Charlton flood mitigation options revealed to have been used in Somerset.
The Somerset Environment Protection Agency (S성남출장안마ECA) has confirmed that the Somerset Local Authorities Gro진주출장마사지up is considering building a flood protection system that can intercept and neutralise natural disasters in the region.
"A variety of proposals have been made but we want to see some development before we get anything finalised," said the SECA chairman, Tony MacPherson.
"I think it will be very important for us to have that review to see if any of those options can be implemented in terms of protecting against flooding in areas where we are operating in areas we have not before."
"This is a matter which we are taking very seriously and we need to ensure that in the future we are not putting people at risk."
In November 2015, the Somerset Local Authorities Group (SLLG) announced plans to construct a water divers성남출장마사지 성남출장샵ion facility on a 5,000 acre site in Somerset at the request of the government of the county. The site was already in use by the Somerset Wildlife Trust and was an effective flood mitigation tool.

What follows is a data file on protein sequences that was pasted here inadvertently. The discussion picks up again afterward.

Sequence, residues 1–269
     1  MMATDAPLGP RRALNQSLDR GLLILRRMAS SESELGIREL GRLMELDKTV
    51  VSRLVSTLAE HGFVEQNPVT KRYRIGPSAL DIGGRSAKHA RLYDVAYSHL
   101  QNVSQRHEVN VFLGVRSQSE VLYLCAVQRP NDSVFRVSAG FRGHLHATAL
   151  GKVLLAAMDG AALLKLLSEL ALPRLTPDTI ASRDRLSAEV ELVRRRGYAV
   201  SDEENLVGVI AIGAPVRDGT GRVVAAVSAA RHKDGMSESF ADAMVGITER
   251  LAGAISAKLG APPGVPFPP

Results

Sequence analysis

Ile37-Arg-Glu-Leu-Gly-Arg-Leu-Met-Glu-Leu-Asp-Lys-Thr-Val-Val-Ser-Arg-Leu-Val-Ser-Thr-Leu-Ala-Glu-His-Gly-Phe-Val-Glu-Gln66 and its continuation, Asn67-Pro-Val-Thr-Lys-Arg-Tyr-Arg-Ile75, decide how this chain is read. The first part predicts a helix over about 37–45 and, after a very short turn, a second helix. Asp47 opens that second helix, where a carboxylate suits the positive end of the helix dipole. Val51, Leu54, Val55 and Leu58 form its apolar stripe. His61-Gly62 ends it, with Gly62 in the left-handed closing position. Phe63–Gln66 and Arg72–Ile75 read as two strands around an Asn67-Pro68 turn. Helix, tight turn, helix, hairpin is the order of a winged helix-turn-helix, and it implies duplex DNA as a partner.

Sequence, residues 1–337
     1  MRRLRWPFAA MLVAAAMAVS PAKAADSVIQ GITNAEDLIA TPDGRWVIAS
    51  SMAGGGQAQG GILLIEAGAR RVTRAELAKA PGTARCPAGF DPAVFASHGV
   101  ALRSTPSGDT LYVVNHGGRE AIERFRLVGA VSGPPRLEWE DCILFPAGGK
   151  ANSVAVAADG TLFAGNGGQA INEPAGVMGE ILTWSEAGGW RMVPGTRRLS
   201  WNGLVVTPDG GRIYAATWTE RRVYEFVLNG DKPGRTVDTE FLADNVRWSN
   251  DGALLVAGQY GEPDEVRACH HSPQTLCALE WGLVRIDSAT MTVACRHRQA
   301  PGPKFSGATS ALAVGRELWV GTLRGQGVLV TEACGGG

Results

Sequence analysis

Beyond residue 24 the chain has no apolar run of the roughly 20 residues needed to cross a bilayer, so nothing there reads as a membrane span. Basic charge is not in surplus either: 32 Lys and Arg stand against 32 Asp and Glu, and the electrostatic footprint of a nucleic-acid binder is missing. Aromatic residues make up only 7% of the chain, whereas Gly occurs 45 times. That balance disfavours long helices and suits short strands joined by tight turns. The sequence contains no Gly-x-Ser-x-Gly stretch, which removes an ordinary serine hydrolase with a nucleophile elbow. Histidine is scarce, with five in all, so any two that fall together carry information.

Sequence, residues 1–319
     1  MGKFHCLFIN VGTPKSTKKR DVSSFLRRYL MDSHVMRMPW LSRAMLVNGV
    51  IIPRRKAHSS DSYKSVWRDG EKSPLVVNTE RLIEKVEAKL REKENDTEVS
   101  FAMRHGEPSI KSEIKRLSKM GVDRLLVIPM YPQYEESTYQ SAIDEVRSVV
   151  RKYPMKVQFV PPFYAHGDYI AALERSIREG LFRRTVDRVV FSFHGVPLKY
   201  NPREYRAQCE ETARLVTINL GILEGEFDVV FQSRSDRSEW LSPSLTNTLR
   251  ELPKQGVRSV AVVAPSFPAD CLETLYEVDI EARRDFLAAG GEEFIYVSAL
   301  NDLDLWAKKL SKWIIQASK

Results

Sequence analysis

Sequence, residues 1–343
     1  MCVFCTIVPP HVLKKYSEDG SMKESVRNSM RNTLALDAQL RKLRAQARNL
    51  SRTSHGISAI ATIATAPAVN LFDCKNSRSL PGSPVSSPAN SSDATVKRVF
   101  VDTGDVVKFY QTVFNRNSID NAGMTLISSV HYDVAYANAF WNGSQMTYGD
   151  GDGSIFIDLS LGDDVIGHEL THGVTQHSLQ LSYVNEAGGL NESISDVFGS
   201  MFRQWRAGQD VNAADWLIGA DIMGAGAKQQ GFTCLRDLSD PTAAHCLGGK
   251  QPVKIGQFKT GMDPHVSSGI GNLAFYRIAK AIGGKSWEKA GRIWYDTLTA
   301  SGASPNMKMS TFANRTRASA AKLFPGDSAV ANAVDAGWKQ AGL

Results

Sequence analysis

According to SECA documents, there are 20 to 30 potential flood barriers available for use during a natural disaster.
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According to SECA, the potential applications made by the SECA have included 'using the existing flood barriers for the purpose of building a water diversion facility'.
The company said it expects a final plan and further research to be completed within the next year.
The SLLG believes that the diversion facility will cost around £600,000 to build.
"I hope it is a significant expense for the Somerset Local Authority, and therefore a much better investment for the Somerset Government.
"The diversion facility is one of the more expensive flood control options at this point."